Violence emerges when political power is lost, and political power dissipates when there is no space for human action in which power can be renewed. Arendt writes:
I am inclined to think that much of the present glorification of violence is caused by severe frustration of the faculty of action in the modern world. It is simply true that riots in the ghettos and rebellions on the campuses make ‘people feel like they are acting together in a way that they rarely can.’ (83)
Violence is, then, a false politics that serves to placate the frustrated political actor. It becomes an outlet for a political impulse that has been blocked, according to Arendt, especially by our belief in modern progress. Progress as “growth, the relentless process of more and more, of bigger and bigger” increases demand for administration. Bureaucratization, in turn, increases the appeal of violence precisely because it is unpolitical:
In a fully developed bureaucracy there is nobody left with whom one can argue, to whom one can present grievances, on whom the pressures of power can be exerted. Bureaucracy is the form of government in which everybody is deprived of political freedom, of the power to act; for the rule by Nobody is not no-rule, and where all are equally powerless we have a tyranny without a tyrant. The crucial feature in the student rebellions around the world is that they are directed everywhere against the ruling bureaucracy.
Bureaucratization and the ideal of progress block politics because the idea of politics, the notion that human beings might initiate the radically new and unexpected in the world, is fundamentally alien to them. They are, instead, built upon the idea that everything can be accounted for and made predictable through the universal dictates of objective science and technique.
Bureaucracy is also a key source of the very hypocrisy Arendt identifies above as a catalyst of rage and violence. It presents itself as the impartial bearer of technical truths, but bureaucracy is instrumental just like violence, which means it relies on external, political ends to provide its operating justification. Despite claims to neutrality, it must, by definition, serve political ends. Though also like violence, it constantly threatens to overflow its own bounds, overwhelming the ends with meaningless means.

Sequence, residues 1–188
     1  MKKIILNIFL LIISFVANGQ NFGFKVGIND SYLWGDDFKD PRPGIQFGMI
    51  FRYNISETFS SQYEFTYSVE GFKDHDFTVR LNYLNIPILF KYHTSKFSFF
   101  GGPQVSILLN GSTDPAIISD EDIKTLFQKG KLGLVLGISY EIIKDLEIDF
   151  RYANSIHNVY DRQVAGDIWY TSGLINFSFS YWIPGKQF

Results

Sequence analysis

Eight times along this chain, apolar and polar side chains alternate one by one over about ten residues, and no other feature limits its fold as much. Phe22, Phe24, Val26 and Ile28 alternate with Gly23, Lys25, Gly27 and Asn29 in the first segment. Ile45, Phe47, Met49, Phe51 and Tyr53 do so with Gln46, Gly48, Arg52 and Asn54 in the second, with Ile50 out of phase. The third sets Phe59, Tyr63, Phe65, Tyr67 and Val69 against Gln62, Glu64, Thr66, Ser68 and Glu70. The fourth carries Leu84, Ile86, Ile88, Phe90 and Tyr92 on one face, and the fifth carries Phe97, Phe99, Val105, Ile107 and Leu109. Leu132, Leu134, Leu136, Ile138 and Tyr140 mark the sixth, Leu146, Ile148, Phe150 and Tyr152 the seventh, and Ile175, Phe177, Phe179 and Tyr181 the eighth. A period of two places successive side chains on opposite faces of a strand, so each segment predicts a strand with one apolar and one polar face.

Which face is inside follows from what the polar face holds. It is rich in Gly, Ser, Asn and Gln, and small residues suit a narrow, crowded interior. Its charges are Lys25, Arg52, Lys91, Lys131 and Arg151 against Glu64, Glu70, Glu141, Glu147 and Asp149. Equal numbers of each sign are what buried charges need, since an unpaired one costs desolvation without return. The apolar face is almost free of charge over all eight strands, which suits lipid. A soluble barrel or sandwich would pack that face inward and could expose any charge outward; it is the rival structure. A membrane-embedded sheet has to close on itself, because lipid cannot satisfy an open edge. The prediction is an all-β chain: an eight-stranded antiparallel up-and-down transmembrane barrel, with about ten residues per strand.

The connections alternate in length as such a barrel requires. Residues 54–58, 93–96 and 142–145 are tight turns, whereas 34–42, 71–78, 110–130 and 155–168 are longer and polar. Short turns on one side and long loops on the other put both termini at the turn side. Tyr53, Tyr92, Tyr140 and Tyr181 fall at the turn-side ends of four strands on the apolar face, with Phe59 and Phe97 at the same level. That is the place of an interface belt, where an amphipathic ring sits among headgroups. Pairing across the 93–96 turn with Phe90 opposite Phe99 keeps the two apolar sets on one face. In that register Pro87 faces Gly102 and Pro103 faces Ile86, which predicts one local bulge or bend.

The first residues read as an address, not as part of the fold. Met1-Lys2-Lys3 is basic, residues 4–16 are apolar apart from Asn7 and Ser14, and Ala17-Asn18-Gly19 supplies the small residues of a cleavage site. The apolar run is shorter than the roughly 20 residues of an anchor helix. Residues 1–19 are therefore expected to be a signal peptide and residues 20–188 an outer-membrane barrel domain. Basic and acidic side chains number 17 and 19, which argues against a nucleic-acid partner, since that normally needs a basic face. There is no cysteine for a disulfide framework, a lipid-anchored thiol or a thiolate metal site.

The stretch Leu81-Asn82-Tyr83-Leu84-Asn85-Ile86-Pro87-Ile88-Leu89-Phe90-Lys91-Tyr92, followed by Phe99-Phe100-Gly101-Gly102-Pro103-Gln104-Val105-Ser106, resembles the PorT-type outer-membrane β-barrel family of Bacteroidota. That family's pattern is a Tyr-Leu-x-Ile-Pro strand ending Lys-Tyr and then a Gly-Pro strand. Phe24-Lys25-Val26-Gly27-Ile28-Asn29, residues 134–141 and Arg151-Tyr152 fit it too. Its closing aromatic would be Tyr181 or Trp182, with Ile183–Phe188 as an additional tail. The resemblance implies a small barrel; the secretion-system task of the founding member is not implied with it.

The current dialectic in Europe, between a sometimes-violent populist revival and a technocracy claiming only to implement neutral economic truths, illustrates anew the dynamic Arendt identified in 1969-1970. The populist aims to reveal the hypocrisy of the technocrat by existing as the technocrat’s opposite, by declaring himself the true representative of the people’s good. But in being his opposite, he reproduces the same problem in mirror image. Both deny politics and attempt to substitute some form of absolute reason in its place. Thus, we ‘deal with’ our freedom by simultaneously declaring absolute control—via either technique or rule by populist incarnation—and giving up control absolutely—to the self-contained system of scientific principles or the populist leader. In Arendt’s examples, the enraged reaction against hypocrisy ends up producing the very violence against which it fights, most obviously when students force the government to react with open violence in order to prove that the violence had been there all along. Similarly, contemporary populism produces the negation of politics while fighting against the same negation of politics in another form. Technocracy completes and perpetuates the cycle as it explicitly aims to combat populism and discipline the popular will in favor of “impartial truths.”
In this context, the popular explosion of Thomas Piketty’s Capital in the Twenty-First Century is interesting in (at least) two ways: 1) Piketty justifies and provides fuel for populist rage against inequality. He demonstrates the magnitude of current gross disparities in wealth and shows them to be the result of policies that have been presented as the only sound technical reactions to contemporary economic truths. 2) He also dethrones the notion of the economic law. He reveals the fallacies of the postwar technocrats who believed their economic situation had been the natural result of the unfolding of “natural” economic developmental laws. Instead, we now know that their unprecedented situation, characterized by high levels of growth and employment along with historically low levels of inequality, came as a result of historical contingency mixed with deliberate and free political action. Their mistake was to reify their circumstances and then try and understand this “given” and “natural” phenomenon via scientific theory.